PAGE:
Indeed, given how profoundly Kluber’s skill statistics (xFIP, for instance) underperformed his ERA, even if one regresses Kluber’s skill statistics toward the mean, one should also regress his ERA to fall in line with his skill-predictive statistics, due to the bad luck Kluber had on his HR/FB rate, and due to the astronomical BABIP surrendered; that is to say, even if one expects Kluber to get worse (which is reasonable, given how excellent his 2013 was), one should also project his ERA to substantially improve despite this. So to project Kluber to be substantially worse in terms of run prevention than he was in 2013 is to not only regress him toward the average, but to return him entirely to the average. That’s not responsible statistical regression: it’s pressing ‘return to 2012 factory settings.’

In the case of Salazar, his skills broke out, as well. In his rookie year, he had the sixth-highest K/9 of any rookie starter since 1945, surpassed only by Kerry Wood, Stephen Strasburg, Mark Prior, Max Scherzer, and Dwight Gooden. It’s impossible to project that strikeout rate going forward, but his 14.6% Swinging Strike rate – an extremely stable year-to-year statistic – was surpassed only by Francisco Liriano since such statistic were tracked. Regressing his strikeout rate toward the means is the job of projection systems: and according to FanGraphs’ projection, that sort of regression would put him at 9.53 K/9: one of the best paces in the league. ‘Regression’ makes him merely an excellent #3 pitcher.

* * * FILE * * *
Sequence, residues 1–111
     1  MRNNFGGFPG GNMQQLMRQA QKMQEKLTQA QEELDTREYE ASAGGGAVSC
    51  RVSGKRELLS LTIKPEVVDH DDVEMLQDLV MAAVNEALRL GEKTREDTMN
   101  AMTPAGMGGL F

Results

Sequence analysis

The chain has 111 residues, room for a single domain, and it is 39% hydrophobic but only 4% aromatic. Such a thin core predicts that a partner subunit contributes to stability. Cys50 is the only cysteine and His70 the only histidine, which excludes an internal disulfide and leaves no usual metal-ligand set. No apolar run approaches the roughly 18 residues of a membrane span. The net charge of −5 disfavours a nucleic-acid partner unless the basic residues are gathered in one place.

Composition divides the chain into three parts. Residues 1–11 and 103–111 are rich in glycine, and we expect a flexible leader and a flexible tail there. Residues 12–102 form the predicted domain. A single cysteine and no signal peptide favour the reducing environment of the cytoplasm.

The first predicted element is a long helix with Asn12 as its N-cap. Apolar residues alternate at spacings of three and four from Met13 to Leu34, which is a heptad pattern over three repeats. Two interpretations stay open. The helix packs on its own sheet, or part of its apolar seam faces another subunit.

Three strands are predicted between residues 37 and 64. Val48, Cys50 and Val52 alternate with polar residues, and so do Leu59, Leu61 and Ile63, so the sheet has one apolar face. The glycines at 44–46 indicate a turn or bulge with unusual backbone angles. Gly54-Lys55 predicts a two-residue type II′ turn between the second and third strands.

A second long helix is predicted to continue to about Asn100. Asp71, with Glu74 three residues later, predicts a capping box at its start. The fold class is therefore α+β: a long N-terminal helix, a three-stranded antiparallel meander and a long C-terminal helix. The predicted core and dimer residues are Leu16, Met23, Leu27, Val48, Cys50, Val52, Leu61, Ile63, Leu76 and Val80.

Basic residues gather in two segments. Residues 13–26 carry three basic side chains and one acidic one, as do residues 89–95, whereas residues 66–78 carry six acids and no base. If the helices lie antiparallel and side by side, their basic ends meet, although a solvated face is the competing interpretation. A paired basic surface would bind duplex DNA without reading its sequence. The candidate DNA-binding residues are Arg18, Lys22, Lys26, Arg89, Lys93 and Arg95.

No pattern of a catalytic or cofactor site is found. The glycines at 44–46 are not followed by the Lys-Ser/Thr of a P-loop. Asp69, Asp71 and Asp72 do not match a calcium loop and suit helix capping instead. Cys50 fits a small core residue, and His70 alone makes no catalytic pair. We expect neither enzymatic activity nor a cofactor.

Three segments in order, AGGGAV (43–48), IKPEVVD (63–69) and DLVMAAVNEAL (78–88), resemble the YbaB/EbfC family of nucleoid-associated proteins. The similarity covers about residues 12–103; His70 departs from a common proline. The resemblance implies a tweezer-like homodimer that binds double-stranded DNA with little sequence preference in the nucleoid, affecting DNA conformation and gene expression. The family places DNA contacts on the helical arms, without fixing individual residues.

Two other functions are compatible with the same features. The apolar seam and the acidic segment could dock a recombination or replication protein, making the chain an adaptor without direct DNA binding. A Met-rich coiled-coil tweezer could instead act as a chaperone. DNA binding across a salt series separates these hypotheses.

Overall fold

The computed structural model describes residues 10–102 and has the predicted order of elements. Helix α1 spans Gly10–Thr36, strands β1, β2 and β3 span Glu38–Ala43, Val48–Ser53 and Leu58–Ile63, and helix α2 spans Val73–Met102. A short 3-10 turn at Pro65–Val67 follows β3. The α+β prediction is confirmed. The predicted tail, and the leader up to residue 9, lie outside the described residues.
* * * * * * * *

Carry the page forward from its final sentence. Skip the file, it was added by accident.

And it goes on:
Finally, we return to luck-based breakouts, which includes only one player: Yan Gomes. As this same author has discussed elsewhere, Yan Gomes’ batted ball profile in both the granular and holistic sense did not lend itself to a particularly good BABIP – it certainly did not lend itself to a .342 BABIP. Yan Gomes’s offensive performance was entirely unprecedented relative to his career, and it was fueled predominantly by a category long known for being luck-based and unstable. Gomes, in a reasonable projection, is probably a fairly average hitter by virtue of his serious contact problems, his extremely exploitable pull tendency, and his genuinely impressive power. Projecting him for more than that is not borne out by any statistics.

In sum, Plexiglas should push back Kipnis only slightly, Kluber, Salazar, and Raburn slightly moreso, and Yan Gomes fairly severely. Regression should push back only five of the players currently on the team, and only one of them severely. It’s not clear that the Plexiglas principle applies to the Indians substantially more than any other team.

The application of the ‘Plexiglas Principle’ to deny the possible success of the Indians in 2014 is memetic regurgitation. They’re likely to be worse than the Tigers, Red Sox, and Rays, to be sure, but that’s due to talent levels, not because of regression. Seeing the Plexiglas Principle trotted out to explain the Indians’ low playoff likelihood in 2014 is a vicar clutching to his writings, denouncing dissenters as heretics, ignorant of Truth.

The problem is terrible defense, a gigantic question mark in the back end of the rotation, and the fact that they’re offense, while above-average, isn’t above-average enough to compensate for the lack of defense. That’s it.  Regression is a concern pondered by the confused. ‘Regression’ would have applied to Kazmir and Jimenez. They’re no longer with the team. Given the make-up of the roster, regression is not the Indians’ enemy in 2014 – in fact, in the case of Kluber, Cabrera, Chisenhall, and Swisher, regression should help their overall result statistics substantially.

And if regression does strike the club, I’ll gladly be guiding fans through the Plexiglas doors.

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Author: John Grimm

John can be contacted on Twitter at @JHGrimm, or via e-mail at john.h.grimm@hotmail.com.